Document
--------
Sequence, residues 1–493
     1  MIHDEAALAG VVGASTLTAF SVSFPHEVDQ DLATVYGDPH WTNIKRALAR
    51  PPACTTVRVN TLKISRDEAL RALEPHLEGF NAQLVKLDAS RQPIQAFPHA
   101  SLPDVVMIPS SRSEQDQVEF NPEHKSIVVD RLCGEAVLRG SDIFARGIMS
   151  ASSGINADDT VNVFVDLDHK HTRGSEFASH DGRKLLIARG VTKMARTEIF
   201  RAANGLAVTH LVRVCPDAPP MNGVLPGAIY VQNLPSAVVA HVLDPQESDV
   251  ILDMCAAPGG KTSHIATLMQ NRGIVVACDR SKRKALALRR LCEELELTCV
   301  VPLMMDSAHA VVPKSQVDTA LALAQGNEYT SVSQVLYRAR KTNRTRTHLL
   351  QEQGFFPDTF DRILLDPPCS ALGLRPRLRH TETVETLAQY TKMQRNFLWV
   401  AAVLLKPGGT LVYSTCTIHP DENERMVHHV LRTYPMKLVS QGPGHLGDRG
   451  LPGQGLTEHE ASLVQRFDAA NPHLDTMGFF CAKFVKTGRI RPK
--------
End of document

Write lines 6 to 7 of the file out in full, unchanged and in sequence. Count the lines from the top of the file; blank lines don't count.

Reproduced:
   201  RAANGLAVTH LVRVCPDAPP MNGVLPGAIY VQNLPSAVVA HVLDPQESDV
   251  ILDMCAAPGG KTSHIATLMQ NRGIVVACDR SKRKALALRR LCEELELTCV